The Republican majority on the Senate Foreign Relations Committee has released a new report on confronting China, according to the Wall Street Journal. In the report, the lawmakers press for a multilateral approach with expanded help from Europe—a strategy that coincides with the stated policy objectives of the incoming Biden administration.

Today, a U.S. district court judge dealt a setback to the outgoing Trump administration in a decision that blocked expulsions of unaccompanied children intercepted at the U.S.’s southern border, reports Reuters. U.S. District Judge Emmet Sullivan in the District of Columbia ruled that the policy, which the Trump administration said was aimed at limiting the spread of COVID-19, would likely cause minors to suffer irreparable harm.

A U.S. federal judge has agreed to drop drug trafficking and corruption charges against Gen. Salvador Cienfuegos, the former Mexican defense minister, writes the Journal. The move granted an unusual request made by Attorney General William Barr, which prosecutors said was made out of foreign policy concerns. Judge Carol B. Amon of the U.S. District Court for the Eastern District of New York said, “Although these are very serious charges against a very significant figure … I have no reason to doubt the sincerity of the government’s position.”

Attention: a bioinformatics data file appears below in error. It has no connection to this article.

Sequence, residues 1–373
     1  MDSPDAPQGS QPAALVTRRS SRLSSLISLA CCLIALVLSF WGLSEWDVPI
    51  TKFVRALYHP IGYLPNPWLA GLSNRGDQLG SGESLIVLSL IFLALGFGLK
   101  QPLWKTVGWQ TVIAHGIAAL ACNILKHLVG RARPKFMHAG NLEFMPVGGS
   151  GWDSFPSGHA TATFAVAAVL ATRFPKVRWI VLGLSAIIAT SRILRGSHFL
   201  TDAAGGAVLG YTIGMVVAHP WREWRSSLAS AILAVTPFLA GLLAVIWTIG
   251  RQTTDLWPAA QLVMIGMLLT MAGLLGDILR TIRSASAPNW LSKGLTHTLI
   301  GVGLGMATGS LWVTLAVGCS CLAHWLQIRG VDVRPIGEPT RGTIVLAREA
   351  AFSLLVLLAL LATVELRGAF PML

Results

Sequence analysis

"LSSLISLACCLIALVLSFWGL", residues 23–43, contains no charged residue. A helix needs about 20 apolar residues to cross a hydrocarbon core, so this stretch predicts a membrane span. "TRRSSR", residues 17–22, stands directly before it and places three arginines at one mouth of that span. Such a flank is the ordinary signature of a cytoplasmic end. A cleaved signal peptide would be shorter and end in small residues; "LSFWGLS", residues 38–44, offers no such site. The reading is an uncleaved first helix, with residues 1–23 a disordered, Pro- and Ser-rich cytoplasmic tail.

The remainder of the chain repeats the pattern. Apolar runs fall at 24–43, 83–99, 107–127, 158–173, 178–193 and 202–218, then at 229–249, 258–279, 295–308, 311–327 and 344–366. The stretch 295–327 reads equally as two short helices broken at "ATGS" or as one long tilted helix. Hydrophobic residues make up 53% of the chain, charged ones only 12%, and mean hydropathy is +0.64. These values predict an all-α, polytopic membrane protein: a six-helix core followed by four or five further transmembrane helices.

Iraq and Saudi Arabia opened the Arar border crossing for the first time in 30 years, according to Reuters. The two countries cut trade ties after Saddam Hussein’s invasion of Kuwait in 1990.

Three rockets apparently fired by an Iranian-backed militia in Iraq struck the U.S. Embassy complex in Baghdad late on Tuesday, writes the Post. Initial reports indicate there was no damage to American facilities, nor injuries to U.S. personnel. Other rockets, which landed outside of the embassy, killed a young child and wounded five Iraqi civilians.